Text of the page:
## fields medal

We were lucky enough to interview Stas Smirnov at the ICM in Hyderabad, India. As well as being very pleased at winning the Fields Medal and being recognised by his colleagues, Stas reminded us that mathematicians don't do research to win medals. They do it because of curiosity and he personally can't wait to get back to his theorems.

What would you think if the nice café latte in your cup suddenly separated itself out into one half containing just milk and the other containing just coffee? Probably that you, or the world, have just gone crazy. There is, perhaps, a theoretical chance that after stirring the coffee all the swirling atoms in your cup just happen to find themselves in the right place for this to occur, but this chance is astronomically small.

The work of Fields Medallist Stanislav Smirnov will take mathematics and physics into a new phase with his mathematical proof of the understanding of phase transitions.

Eron Lindenstrauss got the Fields Medal for developing tools in the area of dynamical systems and using them to crack hard problems in the seemingly unrelated area of number theory.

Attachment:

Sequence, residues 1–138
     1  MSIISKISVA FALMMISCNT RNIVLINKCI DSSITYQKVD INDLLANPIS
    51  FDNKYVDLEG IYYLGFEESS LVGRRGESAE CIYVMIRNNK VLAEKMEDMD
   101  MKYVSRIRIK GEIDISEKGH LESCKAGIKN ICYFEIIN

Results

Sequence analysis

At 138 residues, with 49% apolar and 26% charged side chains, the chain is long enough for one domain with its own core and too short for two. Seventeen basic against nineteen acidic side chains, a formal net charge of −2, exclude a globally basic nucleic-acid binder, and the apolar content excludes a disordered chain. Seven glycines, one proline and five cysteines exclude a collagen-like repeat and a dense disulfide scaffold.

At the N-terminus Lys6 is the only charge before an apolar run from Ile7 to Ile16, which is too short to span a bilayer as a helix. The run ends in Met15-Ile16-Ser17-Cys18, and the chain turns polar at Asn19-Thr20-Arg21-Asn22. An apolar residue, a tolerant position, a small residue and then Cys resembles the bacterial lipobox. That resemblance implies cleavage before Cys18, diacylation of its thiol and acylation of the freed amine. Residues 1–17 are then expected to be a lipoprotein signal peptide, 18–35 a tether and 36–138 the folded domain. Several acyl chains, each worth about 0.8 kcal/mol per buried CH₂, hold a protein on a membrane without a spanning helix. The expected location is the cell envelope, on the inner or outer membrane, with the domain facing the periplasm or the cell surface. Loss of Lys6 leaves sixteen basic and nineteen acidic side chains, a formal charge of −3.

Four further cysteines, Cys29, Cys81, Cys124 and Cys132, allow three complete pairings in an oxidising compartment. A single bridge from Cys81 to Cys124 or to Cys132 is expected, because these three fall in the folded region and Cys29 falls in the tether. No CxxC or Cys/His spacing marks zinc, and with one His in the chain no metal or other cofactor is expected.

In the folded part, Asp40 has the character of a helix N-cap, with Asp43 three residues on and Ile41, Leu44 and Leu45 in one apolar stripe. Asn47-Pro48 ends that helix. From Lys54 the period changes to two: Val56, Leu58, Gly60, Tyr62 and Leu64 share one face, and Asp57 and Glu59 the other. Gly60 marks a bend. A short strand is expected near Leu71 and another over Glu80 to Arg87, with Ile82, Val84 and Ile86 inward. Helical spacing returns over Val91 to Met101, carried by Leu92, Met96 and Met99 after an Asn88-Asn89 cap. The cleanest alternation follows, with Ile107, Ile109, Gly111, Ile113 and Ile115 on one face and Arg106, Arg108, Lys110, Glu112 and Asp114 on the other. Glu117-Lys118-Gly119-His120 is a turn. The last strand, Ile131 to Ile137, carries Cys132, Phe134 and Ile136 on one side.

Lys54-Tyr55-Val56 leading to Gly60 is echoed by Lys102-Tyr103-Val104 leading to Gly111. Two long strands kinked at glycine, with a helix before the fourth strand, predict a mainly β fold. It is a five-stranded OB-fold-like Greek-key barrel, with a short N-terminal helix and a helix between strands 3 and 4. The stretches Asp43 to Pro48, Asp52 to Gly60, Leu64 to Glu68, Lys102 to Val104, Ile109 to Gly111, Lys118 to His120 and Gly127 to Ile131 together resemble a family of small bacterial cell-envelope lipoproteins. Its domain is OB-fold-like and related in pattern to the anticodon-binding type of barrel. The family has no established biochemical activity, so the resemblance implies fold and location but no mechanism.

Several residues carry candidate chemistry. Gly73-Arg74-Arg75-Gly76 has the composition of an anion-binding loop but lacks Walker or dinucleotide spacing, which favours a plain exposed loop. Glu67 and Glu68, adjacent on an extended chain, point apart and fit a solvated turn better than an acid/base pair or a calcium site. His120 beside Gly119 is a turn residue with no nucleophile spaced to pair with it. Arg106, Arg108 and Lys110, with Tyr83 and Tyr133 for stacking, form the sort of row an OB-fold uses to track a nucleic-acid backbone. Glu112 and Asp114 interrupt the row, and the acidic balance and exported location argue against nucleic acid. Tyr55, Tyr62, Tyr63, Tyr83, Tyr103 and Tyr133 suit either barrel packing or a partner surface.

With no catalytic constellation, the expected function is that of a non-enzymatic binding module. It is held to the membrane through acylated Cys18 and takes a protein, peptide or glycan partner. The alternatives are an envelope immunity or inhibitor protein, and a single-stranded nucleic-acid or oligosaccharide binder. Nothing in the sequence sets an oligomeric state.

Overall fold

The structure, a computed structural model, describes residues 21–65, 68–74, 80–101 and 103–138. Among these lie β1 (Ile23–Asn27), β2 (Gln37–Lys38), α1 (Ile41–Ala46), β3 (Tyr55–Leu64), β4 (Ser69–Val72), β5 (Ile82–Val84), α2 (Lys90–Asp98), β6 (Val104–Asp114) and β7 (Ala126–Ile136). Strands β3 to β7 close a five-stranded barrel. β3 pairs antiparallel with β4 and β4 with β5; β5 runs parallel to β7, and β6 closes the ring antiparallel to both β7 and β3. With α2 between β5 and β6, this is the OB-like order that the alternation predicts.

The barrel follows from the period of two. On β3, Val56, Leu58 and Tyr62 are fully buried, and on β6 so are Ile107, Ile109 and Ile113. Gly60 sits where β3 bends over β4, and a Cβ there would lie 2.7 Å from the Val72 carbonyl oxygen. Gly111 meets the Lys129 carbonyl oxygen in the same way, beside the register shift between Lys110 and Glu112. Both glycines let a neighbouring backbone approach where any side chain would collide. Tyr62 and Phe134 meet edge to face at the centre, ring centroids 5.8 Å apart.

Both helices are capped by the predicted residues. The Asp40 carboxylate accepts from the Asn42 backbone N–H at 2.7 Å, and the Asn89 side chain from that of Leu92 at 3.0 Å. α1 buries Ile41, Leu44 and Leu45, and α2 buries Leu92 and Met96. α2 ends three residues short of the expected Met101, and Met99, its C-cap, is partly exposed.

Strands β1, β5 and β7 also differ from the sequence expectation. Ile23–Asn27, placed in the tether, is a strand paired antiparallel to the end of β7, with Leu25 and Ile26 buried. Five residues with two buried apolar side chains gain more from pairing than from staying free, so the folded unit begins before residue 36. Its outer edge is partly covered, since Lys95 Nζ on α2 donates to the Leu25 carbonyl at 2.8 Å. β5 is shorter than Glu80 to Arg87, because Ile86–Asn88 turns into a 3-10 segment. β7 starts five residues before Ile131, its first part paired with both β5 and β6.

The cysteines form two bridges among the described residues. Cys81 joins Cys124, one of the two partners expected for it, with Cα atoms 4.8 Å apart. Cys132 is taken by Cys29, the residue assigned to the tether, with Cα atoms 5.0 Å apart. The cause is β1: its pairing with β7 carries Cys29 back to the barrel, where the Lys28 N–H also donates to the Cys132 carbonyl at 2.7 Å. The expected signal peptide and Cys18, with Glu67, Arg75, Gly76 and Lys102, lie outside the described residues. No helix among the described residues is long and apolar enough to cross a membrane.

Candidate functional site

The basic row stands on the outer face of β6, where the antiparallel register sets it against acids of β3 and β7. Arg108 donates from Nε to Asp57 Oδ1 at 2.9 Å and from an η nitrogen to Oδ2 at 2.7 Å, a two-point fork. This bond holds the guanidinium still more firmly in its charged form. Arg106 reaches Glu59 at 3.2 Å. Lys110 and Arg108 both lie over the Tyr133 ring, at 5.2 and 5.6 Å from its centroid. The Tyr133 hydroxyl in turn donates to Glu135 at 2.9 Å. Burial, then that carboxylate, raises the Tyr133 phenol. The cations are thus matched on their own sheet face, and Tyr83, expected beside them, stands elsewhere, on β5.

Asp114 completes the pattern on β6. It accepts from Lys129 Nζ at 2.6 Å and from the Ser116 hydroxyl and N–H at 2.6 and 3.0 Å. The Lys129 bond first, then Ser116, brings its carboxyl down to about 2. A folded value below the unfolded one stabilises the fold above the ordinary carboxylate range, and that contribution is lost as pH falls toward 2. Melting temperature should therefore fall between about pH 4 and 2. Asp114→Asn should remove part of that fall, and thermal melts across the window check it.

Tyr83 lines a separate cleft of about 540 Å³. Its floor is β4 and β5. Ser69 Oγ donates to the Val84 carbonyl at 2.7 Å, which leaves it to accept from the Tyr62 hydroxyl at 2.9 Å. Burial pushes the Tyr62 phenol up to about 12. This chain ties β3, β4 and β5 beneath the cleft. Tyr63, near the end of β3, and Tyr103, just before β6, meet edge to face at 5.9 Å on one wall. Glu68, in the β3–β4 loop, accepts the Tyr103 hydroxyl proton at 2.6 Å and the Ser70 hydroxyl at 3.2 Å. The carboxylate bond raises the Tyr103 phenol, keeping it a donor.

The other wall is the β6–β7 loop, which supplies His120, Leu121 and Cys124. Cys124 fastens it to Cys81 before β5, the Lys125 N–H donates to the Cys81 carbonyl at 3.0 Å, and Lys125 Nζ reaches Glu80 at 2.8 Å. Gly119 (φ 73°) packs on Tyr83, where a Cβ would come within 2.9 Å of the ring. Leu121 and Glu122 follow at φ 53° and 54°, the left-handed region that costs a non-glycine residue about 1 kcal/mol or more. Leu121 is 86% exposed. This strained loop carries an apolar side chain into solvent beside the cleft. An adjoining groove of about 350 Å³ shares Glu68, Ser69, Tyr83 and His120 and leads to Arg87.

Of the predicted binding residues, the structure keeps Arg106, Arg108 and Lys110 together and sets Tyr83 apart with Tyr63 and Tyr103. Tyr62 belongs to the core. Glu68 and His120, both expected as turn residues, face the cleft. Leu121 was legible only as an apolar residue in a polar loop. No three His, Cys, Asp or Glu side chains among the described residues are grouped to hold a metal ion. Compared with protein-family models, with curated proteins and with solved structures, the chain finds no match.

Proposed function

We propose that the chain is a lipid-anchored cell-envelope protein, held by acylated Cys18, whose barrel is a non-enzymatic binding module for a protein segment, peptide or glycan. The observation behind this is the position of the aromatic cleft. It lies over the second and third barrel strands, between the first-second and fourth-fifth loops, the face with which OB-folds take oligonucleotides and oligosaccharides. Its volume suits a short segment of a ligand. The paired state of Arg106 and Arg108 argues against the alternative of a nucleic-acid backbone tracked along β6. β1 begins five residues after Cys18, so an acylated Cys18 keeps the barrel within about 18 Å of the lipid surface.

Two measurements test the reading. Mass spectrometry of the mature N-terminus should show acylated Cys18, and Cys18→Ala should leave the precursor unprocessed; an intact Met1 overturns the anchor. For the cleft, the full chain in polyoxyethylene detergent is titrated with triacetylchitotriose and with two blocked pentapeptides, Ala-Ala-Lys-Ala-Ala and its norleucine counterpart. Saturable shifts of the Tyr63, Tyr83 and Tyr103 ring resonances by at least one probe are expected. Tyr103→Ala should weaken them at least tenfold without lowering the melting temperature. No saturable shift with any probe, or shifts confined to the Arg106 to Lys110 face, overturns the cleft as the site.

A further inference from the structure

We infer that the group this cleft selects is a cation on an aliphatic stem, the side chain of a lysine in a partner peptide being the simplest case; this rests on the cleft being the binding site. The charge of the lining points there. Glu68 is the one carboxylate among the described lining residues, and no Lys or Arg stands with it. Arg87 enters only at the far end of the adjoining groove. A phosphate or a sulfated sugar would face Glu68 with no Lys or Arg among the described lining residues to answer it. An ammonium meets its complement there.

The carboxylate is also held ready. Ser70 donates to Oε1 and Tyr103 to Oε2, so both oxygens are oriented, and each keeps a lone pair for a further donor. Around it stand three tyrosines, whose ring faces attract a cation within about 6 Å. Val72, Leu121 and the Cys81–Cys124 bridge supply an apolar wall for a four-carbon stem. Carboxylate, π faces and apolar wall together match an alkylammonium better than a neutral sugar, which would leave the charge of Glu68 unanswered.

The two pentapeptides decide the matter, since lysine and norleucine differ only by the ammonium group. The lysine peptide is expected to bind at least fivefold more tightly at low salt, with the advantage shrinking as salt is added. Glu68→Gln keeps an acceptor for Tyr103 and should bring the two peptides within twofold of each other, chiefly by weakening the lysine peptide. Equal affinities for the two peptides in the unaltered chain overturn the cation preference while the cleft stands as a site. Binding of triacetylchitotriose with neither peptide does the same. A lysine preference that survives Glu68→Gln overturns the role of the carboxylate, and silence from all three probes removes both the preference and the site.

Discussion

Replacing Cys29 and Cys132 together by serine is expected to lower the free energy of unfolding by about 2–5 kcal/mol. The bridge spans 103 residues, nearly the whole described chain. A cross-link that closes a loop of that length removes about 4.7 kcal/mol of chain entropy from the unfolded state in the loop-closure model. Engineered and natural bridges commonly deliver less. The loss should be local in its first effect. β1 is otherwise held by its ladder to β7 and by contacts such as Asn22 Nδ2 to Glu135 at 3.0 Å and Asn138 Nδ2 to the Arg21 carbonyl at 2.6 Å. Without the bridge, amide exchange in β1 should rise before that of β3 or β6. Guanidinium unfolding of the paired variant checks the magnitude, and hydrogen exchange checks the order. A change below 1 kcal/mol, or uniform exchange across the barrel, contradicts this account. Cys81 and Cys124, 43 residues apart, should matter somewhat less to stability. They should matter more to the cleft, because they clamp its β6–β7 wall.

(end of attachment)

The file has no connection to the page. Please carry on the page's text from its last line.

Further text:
Results in mathematics come in several flavours — theorems are the big important results, conjectures will be important results one day when they are proved, and lemmas are small results that are just stepping stones on the way to the big stuff. Right? Then why has the Fields medal just been awarded to Ngô Bào Châu for his proof of a lemma?

The Fields medallist reveals the beauty of numbers, how he drew inspiration from Sanskrit maths and a Rubik's cube, and how his maths fits with his tabla playing.

We enjoyed Manjul Bhargava's Fields medal lecture so much we wanted to share it with you!

Martin Grötschel, Secretary of the International Mathematical Union, about maths at school, integrating developing nations, and his dream of putting all maths that's ever been produced online.

Artur Avila tells us about taming chaos.